The recent series of crises has hampered progress on several fronts, including MDG achievement. High food prices have severely impacted the poor, especially those living in food importing countries. The price of oil, which still remains relatively high, is an added burden as it pushes up the price of basic staples. And while this sub-region has fared well during the recent global economic downturn, the impact of this crisis is still being felt and the recovery process is likely to drag on. Many workers in key manufacturing and services industries lost their jobs, especially women and those employed in the informal sector. And adding to this long list, natural disasters have been more frequent in recent years—leading to loss of lives, and increased social and economic vulnerability.
Areas of Focus
In the absence of basic social safety nets, these series of shocks and crises have left the poor extremely vulnerable. We need better targeted social protection programmes to feed the hungry, to offer employment, and to provide conditional and unconditional cash transfers where necessary. At the same time, we need to expand coverage of the social safety net to include the most vulnerable—in particular women, children, and those employed in the informal sector, and more generally, the urban and rural poor. Currently, social protection programmes cover only 30 percent of the population in the sub-region . However, the sub-region boasts some good examples such as conditional cash transfers in Indonesia and Cambodia and the universal health scheme in Thailand. A number of countries also incorporated social protection schemes as part of their recent stimulus packages.
Ensuring employment and decent work, especially during the recovery process, will be essential in cementing a more secure future. A number of countries have also used their stimulus packages to boost employment and such measures have paid dividends. It is therefore important to also develop the capacity of local institutions to address these multifaceted and context-specific challenges so that ensuring employment and providing other forms of social protection become a permanent feature. The true challenge will be achieving the MDGs at the sub-national level, where delivery mechanisms for the provision of essential and basic social services will have to be further strengthened.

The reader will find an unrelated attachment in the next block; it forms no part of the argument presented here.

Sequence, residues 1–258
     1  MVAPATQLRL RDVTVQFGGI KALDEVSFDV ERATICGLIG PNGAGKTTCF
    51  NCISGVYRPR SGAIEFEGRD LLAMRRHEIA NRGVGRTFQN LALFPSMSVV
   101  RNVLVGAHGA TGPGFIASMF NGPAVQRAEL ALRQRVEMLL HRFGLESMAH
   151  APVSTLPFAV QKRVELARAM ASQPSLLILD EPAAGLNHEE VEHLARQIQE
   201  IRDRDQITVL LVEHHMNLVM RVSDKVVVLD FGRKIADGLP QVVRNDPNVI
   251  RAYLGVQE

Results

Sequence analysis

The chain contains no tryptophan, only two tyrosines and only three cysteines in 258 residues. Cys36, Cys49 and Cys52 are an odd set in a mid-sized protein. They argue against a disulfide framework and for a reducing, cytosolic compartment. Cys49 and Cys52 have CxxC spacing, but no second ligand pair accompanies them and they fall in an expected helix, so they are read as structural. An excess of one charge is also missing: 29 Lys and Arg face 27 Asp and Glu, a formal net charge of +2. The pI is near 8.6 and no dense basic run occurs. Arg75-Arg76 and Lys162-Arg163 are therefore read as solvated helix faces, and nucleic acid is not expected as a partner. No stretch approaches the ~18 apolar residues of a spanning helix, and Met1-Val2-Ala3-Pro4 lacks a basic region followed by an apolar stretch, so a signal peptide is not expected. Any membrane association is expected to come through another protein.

Greener and more Inclusive Growth:
As the sub-region continues to record impressive rates of growth, we should collectively ensure that this growth is not only equitable and benefits the poorer segments of society, but is also more energy efficient and environmentally friendly. We need to reconsider our use of energy resources. We need to build cleaner transport systems, and adopt better urban planning and management to protect the region's dwindling water and other natural resources. In sum, we need to mitigate the effects and adapt to the possibilities of climate change while sustaining broad-based economic growth.
We are just five years from the MDG deadline and much work remains to be done. We have come together here—colleagues from different UN agencies along with our regional and national development partners—to support the region’s governments to achieve the MDGs. Let us work more closely using common platforms to share knowledge and monitor progress and, most importantly, work together at the country level to accelerate progress towards achieving development results.